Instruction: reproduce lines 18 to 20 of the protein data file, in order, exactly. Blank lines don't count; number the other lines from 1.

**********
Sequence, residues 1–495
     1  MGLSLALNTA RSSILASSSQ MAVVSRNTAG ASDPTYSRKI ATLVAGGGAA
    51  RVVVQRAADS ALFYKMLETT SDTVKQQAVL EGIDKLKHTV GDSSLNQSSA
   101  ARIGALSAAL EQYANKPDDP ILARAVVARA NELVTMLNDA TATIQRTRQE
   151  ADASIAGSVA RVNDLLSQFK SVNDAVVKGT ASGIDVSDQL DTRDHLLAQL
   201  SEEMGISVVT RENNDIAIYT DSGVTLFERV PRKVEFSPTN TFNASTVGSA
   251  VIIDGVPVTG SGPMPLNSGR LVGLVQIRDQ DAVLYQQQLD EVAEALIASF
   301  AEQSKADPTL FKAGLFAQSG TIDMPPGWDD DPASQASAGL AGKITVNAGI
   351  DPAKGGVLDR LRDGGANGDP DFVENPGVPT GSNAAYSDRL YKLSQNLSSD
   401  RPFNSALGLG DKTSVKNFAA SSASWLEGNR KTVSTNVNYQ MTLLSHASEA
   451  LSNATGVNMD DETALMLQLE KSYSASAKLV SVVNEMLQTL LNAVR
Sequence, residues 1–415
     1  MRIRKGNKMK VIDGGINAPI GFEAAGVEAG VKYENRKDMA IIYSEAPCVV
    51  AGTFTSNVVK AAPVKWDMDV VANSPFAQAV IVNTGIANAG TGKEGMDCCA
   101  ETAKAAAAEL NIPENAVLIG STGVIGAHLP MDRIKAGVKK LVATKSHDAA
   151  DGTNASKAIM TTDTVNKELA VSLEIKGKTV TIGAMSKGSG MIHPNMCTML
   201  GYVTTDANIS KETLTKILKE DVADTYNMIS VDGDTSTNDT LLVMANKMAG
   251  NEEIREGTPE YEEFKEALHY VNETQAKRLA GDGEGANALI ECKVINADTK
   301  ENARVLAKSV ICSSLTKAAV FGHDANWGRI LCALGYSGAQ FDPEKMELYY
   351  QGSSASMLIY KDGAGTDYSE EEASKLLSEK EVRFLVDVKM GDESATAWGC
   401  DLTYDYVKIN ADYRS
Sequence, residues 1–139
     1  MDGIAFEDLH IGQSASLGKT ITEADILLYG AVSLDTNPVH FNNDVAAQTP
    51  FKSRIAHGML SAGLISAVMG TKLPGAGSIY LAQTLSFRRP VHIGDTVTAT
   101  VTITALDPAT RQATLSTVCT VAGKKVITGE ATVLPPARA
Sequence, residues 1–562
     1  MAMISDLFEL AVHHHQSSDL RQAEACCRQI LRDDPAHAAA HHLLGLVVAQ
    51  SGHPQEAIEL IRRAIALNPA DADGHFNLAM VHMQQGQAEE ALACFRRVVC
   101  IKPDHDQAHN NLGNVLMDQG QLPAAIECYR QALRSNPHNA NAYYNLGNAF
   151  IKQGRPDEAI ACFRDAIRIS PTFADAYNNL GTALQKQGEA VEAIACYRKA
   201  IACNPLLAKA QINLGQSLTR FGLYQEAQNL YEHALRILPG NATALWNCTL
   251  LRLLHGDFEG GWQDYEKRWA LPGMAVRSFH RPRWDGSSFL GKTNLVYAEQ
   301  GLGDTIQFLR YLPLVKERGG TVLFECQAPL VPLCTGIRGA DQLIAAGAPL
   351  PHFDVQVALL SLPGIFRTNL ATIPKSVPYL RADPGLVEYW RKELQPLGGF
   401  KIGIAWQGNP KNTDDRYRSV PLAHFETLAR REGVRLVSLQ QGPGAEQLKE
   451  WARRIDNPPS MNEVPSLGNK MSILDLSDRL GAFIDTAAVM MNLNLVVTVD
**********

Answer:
   251  NEEIREGTPE YEEFKEALHY VNETQAKRLA GDGEGANALI ECKVINADTK
   301  ENARVLAKSV ICSSLTKAAV FGHDANWGRI LCALGYSGAQ FDPEKMELYY
   351  QGSSASMLIY KDGAGTDYSE EEASKLLSEK EVRFLVDVKM GDESATAWGC